The next two weeks provide an excellent opportunity to spot the brightest asteroid visible from EarthVesta — one of the best-known objects in the solar system.
In the first six years of the 19th century, astronomers discovered four new members of the solar system. All four were small objects between the orbits of Mars and Jupiter. Initially, they were called planets, but by the mid-1800s, enough new objects had been found in this area that they were given a category of their own, much as Pluto was reclassified from a planet to a dwarf planet. They were called "asteroids" because they were so small that they looked just like stars in the telescopes of the day. Now, there are tens of thousands of known asteroids.
Vesta is the brightest of all the asteroids, ranging between magnitudes 5 and 8 — lower is brighter — and one of the largest, measuring 318 miles (512 kilometers) across. It reached 6th magnitude at opposition on Sept. 29, meaning it could just barely be seen by someone with perfect eyesight at a perfectly dark site. [Take a Video Tour of Vesta, the Giant Asteroid]
The rest of us have to make do with binoculars. Here's how to find it.
The first chart, above, shows Vesta's overall position among the constellations of autumn. The two left-hand stars of the Square of Pegasus, Alpheratz and Algenib, point southward across the circlet of Pisces to the constellation Cetus, the Whale. Look for a large triangle formed by Eta, Iota Ceti and Deneb Kaitos. The latter is easy to spot because, although it's only second magnitude, it is by far the brightest star in this rather dim part of the sky. Eta and Iota are both magnitude 3.5, so they're quite a lot dimmer than Deneb Kaitos.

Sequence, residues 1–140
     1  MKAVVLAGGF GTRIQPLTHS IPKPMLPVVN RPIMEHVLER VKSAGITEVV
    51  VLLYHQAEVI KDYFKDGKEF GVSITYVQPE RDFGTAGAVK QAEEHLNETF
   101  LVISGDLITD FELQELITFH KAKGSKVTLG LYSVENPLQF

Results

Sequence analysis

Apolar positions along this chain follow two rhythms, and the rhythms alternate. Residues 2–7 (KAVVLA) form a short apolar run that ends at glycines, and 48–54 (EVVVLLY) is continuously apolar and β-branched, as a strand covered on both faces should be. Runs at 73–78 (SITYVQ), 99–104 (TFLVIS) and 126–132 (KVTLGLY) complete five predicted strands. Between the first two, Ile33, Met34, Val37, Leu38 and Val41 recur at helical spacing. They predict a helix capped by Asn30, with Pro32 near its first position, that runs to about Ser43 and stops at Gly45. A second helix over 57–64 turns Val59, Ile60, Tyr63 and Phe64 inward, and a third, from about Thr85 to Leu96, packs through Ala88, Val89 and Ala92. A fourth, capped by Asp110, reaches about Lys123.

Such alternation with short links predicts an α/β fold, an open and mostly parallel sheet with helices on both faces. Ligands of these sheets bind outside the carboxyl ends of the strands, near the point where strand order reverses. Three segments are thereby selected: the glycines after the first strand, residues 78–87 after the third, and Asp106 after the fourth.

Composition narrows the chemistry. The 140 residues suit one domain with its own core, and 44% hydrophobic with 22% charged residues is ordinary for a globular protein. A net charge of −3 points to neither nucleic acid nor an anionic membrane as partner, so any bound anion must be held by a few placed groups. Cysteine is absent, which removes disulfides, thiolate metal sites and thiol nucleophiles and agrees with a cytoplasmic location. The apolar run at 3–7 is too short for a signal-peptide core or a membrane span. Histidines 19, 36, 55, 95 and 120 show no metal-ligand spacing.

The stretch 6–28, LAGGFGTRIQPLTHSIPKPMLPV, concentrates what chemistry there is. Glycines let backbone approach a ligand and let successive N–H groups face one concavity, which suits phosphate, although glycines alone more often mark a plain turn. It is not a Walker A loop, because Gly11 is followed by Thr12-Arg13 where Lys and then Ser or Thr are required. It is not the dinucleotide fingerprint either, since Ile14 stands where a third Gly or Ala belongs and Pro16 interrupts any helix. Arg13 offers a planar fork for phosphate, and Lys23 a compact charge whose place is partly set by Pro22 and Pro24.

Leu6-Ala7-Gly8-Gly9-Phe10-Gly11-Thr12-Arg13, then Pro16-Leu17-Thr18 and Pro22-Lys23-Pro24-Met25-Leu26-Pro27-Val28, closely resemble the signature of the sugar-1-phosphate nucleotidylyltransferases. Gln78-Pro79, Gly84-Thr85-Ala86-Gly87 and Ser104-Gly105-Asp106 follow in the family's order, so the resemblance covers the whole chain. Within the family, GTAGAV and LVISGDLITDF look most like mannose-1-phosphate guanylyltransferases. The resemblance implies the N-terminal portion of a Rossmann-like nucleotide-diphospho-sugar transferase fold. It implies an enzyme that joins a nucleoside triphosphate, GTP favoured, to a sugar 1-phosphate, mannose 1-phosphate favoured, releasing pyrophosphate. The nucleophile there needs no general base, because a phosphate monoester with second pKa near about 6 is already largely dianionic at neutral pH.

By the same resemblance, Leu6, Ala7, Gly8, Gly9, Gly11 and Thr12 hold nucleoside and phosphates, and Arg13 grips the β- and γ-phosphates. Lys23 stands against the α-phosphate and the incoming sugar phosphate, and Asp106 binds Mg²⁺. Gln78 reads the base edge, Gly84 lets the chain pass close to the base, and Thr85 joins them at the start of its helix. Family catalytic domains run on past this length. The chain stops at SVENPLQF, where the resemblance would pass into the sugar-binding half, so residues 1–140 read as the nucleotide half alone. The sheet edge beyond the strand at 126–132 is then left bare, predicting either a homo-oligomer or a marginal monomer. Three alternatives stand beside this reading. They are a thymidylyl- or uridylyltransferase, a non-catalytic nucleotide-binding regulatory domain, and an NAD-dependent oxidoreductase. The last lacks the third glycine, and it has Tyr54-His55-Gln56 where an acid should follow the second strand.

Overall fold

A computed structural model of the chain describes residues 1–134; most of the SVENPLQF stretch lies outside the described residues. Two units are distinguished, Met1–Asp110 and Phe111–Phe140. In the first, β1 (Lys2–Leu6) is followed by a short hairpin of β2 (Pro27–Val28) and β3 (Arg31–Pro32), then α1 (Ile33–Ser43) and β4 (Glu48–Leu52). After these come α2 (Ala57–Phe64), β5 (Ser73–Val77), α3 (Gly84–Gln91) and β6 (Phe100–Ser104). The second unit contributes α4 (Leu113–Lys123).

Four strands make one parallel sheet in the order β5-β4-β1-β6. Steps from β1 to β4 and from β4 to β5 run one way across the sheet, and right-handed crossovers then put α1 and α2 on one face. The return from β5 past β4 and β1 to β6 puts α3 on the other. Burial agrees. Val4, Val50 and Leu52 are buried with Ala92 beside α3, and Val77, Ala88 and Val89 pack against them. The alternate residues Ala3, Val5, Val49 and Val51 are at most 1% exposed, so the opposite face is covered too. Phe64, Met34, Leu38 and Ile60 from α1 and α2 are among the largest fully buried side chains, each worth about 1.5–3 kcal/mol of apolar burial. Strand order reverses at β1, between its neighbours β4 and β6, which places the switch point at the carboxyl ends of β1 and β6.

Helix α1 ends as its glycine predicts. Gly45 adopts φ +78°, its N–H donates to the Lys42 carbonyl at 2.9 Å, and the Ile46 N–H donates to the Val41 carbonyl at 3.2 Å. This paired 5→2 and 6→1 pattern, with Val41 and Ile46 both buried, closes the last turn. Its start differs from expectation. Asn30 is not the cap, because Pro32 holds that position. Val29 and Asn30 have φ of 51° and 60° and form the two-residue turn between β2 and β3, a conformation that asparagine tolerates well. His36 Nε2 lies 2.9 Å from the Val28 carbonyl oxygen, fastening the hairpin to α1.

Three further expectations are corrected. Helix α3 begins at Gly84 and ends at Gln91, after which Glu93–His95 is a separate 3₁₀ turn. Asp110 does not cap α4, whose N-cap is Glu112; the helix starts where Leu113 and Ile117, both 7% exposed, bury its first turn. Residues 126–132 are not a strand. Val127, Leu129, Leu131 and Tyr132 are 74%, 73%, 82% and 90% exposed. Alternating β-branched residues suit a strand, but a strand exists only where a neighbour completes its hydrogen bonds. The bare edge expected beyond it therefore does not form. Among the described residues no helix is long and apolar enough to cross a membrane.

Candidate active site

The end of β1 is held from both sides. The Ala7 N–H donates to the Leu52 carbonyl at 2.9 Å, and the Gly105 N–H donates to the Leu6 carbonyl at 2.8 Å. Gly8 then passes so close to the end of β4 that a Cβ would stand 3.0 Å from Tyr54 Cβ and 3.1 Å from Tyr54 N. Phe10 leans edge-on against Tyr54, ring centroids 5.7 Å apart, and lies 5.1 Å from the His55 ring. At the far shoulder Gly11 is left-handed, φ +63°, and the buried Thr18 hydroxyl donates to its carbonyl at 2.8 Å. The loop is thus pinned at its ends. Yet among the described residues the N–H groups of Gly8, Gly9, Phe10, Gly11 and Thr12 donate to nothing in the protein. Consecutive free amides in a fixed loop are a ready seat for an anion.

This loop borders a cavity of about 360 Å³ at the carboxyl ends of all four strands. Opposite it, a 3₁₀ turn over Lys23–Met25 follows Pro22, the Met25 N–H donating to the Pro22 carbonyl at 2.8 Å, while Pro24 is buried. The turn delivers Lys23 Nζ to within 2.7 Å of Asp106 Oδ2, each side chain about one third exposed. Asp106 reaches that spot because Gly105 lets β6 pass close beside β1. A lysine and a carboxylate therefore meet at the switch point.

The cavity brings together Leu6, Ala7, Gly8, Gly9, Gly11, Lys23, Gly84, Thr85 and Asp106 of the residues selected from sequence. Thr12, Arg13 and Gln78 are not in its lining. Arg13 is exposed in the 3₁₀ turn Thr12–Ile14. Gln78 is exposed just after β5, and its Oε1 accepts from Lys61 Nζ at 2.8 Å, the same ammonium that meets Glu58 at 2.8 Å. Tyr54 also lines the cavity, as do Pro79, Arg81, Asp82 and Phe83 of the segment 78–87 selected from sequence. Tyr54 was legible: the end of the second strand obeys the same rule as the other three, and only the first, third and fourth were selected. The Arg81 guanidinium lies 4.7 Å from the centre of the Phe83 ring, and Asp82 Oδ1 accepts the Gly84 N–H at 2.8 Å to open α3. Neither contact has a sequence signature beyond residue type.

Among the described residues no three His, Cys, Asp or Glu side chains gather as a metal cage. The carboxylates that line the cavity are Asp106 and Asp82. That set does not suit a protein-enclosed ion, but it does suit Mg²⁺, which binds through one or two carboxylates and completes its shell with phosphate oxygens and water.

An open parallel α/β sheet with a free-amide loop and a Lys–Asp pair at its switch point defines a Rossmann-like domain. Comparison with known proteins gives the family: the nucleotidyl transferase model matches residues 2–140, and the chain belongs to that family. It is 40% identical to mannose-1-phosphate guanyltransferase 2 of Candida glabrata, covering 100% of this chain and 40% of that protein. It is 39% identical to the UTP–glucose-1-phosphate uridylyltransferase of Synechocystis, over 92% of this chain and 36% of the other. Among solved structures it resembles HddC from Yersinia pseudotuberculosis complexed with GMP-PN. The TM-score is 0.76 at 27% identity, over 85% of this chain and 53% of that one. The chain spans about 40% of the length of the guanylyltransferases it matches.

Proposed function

The second chart shows these three stars in detail, as well as the path of Vesta over the next two weeks. The leftmost end of Vesta's path (marked with the label on the chart) is its position on Wednesday, Sept. 30, and the points on the trail to the right show its position each night after that in October.
Vesta should be quite easy to spot, since it is about two magnitudes brighter than any of the stars along its track. Just to be sure, make a simple plot of the stars in its vicinity, and then check again a night or two later. The "star" that has moved is certain to be Vesta.
Vesta is now one of the best-known objects in the solar system because NASA's Dawn spacecraft orbited the asteroid for more than a year (from July 2011 to September 2012). This is a great chance for you to see it with your own eyes.
This article was provided to Space.com by Simulation Curriculum, the leader in space science curriculum solutions and the makers of Starry Night and SkySafari. Follow Starry Night on Twitter @StarryNightEdu. Follow us @Spacedotcom, Facebook and Google+. Original article on Space.com.